Fartlek: Fartlek was developed in Sweden; the word means "speedplay." Fartlek is similar to tempo training in that it features a continuous run that starts and ends slow with fast running in the middle. The difference is that fartlek includes multiple changes of pace over varied (mostly short) distances. Run as you feel. Be creative. Pick out a tree and run hard to it. Ease back into a jog until rested, then pick out another landmark for your next sprint. Hard, easy, hard, easy. You define the tempo by how you feel. It's an enjoyable form of training that can either be your toughest or easiest workout of the week. (There's an entire chapter on fartlek in my book, Run Fast.)
Warm-Up: Warming up is vital, not only before races, but before speed workouts. My usual warm-up is to jog a mile or two, sit down and stretch for 5-10 minutes, then run some easy strides (100 meters at near race pace). And I usually cool down afterwards by doing half of the warm-up.
Stretch & Strengthen: Stretching is an important part of the warm-up on days when you plan to run fast (Tuesdays, Thursdays and Saturdays). Strength training is important too, but is best done on days when you don't plan to run hard (Mondays and Fridays). Push-ups, pull-ups, use of free weights or working out with various machines at a health club can help build the kind of strength that will improve your speed. Runners generally benefit if they combine light weights with a high number of repetitions, rather than pumping very heavy iron.
Cross-Training: Not everybody can tolerate running seven days a week. Run more than three or four days, and they get injured. If this is you, consider substituting cross-training for some of your easier running. Although I have not included cross-training as a regular part of this schedule, good days to cross-train would be Mondays, Wednesdays or Fridays when you otherwise might do a 3-mile run. Bike, swim, walk–whatever works best for you. Warning: Don't train too hard on cross-training days. Train only as hard as you would during a running workout for that particular day.
Long Runs: As an Advanced runner, you probably already do a long run on the weekends. In my marathon training program, depending on level, I begin with long runs of 6-10 miles and finish a dozen weeks later with one or more long runs of 20 miles. No similar progression is planned for this schedule. Just get out on the weekends and run between 6 to 10 miles, depending on what the schedule dictates. And run at an easy pace. If you run too far and too fast, it will compromise the other parts of the program. You can't do effective speedwork if you are fatigued from too much mileage. Mileages are kept relatively low in this program for this purpose.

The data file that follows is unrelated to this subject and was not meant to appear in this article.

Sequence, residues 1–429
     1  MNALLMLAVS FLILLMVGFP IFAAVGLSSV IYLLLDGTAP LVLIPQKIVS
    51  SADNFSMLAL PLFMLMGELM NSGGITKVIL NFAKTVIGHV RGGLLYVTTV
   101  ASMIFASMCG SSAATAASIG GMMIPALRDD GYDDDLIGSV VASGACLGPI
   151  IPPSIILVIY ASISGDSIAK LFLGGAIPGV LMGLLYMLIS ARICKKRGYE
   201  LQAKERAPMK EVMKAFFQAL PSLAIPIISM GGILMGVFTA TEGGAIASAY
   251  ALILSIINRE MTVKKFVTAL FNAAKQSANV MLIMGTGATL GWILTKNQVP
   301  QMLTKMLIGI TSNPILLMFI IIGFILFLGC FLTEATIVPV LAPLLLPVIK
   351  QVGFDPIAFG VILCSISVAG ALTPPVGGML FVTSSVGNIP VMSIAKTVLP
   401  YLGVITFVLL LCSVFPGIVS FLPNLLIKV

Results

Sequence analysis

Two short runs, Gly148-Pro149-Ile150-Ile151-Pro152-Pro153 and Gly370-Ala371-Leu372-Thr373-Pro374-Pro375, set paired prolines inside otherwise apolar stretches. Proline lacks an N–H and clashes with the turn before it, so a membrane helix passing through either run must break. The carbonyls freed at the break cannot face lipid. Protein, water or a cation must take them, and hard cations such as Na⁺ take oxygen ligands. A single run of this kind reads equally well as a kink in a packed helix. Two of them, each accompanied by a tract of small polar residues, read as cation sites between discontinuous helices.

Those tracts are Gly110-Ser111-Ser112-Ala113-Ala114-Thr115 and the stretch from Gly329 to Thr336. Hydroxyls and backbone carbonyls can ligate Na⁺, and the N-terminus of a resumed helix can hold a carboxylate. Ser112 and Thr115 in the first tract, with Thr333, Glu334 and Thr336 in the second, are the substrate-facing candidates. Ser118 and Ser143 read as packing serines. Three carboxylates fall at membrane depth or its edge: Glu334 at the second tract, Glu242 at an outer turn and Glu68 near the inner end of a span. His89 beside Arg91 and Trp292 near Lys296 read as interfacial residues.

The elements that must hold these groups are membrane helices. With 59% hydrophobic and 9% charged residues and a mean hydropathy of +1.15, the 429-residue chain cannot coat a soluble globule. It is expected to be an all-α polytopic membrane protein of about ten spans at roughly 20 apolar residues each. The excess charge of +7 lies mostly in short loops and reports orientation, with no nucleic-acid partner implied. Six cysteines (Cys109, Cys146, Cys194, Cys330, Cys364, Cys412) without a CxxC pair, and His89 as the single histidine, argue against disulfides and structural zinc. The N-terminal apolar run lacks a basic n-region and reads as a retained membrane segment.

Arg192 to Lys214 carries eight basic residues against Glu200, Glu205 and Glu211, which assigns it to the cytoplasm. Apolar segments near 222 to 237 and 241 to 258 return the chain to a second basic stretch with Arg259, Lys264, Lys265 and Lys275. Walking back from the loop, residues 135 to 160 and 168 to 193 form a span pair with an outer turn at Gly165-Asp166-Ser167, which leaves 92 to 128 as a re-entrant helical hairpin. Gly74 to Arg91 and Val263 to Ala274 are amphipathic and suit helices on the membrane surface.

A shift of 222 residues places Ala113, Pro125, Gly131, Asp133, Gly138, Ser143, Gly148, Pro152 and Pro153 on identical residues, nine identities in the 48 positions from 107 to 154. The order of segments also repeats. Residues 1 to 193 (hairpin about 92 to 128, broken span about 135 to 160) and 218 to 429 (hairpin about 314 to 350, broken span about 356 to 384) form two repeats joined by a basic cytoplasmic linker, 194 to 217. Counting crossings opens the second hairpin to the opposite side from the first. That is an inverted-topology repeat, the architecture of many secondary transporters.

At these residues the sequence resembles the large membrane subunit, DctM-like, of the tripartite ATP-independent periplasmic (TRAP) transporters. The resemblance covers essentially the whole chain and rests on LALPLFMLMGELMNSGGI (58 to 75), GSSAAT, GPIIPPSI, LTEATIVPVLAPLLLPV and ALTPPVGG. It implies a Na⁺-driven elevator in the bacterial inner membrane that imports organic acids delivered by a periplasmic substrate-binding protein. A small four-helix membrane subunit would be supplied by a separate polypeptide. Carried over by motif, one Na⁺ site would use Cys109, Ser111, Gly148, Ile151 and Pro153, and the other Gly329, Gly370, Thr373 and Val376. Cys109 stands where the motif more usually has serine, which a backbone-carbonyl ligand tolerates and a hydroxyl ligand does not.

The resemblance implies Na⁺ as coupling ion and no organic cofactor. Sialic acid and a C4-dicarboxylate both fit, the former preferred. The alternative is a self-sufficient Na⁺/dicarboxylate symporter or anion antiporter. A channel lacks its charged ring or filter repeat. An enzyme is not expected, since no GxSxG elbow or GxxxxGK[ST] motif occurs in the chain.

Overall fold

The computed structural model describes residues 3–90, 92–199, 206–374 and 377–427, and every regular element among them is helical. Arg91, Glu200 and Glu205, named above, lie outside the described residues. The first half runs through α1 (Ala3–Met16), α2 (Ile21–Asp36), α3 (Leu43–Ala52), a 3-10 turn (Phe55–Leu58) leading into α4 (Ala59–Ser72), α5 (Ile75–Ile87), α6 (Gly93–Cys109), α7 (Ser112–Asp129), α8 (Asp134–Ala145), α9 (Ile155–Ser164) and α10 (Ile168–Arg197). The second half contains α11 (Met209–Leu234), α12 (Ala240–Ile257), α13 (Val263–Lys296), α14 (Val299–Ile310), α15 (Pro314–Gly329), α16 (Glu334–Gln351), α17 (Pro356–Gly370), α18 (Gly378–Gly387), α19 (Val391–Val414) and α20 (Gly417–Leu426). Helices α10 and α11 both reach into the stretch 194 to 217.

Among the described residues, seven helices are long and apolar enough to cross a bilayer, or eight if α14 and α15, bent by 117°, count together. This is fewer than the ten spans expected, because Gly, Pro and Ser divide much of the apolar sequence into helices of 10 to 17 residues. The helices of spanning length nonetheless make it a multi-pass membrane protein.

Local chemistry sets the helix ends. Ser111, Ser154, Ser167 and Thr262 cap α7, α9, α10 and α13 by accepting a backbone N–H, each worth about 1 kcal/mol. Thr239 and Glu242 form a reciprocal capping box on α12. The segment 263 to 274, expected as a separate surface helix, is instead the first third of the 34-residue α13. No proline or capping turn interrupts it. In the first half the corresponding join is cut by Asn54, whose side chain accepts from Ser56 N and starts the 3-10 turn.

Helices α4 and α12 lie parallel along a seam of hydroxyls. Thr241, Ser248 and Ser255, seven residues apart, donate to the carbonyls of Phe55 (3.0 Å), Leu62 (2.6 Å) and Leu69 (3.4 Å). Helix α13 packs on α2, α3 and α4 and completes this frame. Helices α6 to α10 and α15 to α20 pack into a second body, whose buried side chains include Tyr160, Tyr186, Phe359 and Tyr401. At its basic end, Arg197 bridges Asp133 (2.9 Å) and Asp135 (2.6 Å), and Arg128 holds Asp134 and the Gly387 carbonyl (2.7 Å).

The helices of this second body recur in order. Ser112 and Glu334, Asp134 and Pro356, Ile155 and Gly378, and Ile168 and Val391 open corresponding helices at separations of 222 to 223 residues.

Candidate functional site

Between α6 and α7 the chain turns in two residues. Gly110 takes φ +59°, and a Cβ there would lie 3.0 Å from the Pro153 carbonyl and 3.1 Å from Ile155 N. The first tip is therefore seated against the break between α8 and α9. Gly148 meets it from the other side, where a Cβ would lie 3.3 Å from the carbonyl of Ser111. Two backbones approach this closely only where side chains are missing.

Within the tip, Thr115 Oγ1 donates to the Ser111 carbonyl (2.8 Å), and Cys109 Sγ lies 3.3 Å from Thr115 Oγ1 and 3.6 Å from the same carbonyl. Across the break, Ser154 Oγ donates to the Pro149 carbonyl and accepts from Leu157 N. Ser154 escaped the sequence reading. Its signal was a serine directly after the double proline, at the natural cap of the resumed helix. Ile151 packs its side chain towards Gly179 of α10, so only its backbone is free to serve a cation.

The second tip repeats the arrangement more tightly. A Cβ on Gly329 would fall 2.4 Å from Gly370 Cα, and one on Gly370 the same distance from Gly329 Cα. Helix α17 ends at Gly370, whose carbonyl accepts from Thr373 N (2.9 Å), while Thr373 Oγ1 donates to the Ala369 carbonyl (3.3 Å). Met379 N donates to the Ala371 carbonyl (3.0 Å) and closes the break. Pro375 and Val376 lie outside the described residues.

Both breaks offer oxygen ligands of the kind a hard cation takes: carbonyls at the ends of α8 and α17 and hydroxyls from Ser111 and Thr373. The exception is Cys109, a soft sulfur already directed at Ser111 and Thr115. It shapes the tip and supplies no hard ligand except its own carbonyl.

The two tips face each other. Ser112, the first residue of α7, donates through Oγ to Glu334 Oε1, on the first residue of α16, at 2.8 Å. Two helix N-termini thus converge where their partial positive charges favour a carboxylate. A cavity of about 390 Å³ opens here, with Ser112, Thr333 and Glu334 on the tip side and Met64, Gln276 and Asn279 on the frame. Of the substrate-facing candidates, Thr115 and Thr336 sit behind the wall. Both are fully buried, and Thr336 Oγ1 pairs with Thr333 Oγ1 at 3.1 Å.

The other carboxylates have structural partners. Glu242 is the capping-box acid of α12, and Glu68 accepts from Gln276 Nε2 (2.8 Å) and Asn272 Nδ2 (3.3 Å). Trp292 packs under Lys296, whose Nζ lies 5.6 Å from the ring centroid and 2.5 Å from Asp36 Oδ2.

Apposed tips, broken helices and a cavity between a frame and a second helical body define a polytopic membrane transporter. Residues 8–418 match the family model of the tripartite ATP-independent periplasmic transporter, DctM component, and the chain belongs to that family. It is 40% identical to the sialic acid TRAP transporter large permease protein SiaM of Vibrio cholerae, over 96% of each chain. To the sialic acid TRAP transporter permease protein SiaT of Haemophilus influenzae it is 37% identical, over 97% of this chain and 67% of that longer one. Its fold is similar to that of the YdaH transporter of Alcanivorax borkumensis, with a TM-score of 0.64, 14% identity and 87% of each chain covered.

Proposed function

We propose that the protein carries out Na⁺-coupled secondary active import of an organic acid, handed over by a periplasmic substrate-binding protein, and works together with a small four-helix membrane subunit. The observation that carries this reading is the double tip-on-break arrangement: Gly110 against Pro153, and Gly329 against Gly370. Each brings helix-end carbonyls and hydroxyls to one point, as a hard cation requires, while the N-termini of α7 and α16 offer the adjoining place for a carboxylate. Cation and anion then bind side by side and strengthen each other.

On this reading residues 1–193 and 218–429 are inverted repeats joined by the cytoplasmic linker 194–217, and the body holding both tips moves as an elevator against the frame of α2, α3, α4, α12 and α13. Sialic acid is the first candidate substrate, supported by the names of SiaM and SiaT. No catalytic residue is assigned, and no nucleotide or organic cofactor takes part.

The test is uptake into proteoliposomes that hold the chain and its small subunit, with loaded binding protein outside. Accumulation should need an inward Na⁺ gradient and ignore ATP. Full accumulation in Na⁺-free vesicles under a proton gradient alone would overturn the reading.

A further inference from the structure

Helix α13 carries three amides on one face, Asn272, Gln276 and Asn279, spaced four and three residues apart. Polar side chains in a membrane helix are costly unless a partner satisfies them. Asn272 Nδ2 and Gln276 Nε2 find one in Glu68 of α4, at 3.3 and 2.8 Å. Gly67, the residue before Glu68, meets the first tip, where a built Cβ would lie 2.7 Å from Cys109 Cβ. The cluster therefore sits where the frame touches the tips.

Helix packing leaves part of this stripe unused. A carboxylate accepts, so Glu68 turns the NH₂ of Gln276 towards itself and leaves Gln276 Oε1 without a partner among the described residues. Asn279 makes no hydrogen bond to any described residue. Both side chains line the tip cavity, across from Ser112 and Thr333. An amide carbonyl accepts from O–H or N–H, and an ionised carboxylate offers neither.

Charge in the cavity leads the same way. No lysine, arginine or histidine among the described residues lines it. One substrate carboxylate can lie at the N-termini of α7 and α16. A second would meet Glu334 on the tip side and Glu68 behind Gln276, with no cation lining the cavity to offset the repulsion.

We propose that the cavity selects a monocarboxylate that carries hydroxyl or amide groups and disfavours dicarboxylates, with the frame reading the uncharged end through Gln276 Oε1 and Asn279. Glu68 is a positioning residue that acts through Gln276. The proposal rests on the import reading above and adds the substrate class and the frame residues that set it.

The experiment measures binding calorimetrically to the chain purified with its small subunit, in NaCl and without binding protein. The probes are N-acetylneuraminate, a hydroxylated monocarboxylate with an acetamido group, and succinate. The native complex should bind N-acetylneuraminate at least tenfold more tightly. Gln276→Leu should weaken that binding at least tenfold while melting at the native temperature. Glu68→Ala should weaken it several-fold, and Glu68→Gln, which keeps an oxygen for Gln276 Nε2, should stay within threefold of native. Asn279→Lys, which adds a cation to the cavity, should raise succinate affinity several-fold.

Races: In most of my training programs, I do not prescribe races. But a certain amount of racing is good, because it forces you to run at peak speed and provides feedback related to your fitness level. Racing works best away from the marathon mileage buildup, however, which is one reason I have scheduled five races in the second half of this program. I chose 5-K, 8-K and 10-K as the distances, spacing the first three races two weeks apart, but feel free to adjust your racing schedule depending on the dates and distances in your local area. In the last two weeks of the program, I suggest going for peak 5-K and 10-K performances. More rest is prescribed those weeks. An extra day of rest before the race may help you perform better; don't be afraid to rest the day after as well.
Training to race is not easy. It’s hard work. It takes discipline. But it’s also a lot of fun. Time to get started.
|1||3 m + strength||5 x hill||3 m + stretch||40 min tempo||3 m + strength||30 min fartlek||6 m run|
|2||3 m + strength||6 x hill||4 m + stretch||40 min fartlek||3 m + strength||30 min tempo||7 m run|
|3||3 m + strength||7 x hill||5 m + stretch||45 min tempo||3 m + strength||30 min fartlek||8 m run|
|4||3 m + strength||8 x hill||6 m + stretch||45 min fartlek||3 m + strength||30 min tempo||9 m run|
|5||3 m + strength||9 x hill||3 m + stretch||30 min tempo||3 m + strength||3 m or Rest||5-K Race|
|6||3 m + strength||10 x hill||3 m + stretch||45 min fartlek||3 m + strength||30 min fartlek||10 m run|
|7||3 m + strength||16 x 200||3 m + stretch||30 min tempo||3 m + strength||3 m or Rest||8-K Race|
|8||3 m + strength||10 x 400||3 m + stretch||45 min fartlek||3 m + strength||30 min tempo||10 m run|
|9||3 m + strength||16 x 200||3 m + stretch||30 min tempo||3 m + strength||3 m or Rest||10-K Race|
|10||3 m + strength||10 x 400||3 m + stretch||45 min fartlek||3 m + strength||30 min fartlek||10 m run|
|11||3 m + strength||16 x 200||3 m + stretch||30 min tempo||3 m or Rest||Rest||5-K Race|
|12||3 m + strength||10 x 400||3 m run||30 min fartlek||3 m or Rest||Rest||10-K Race|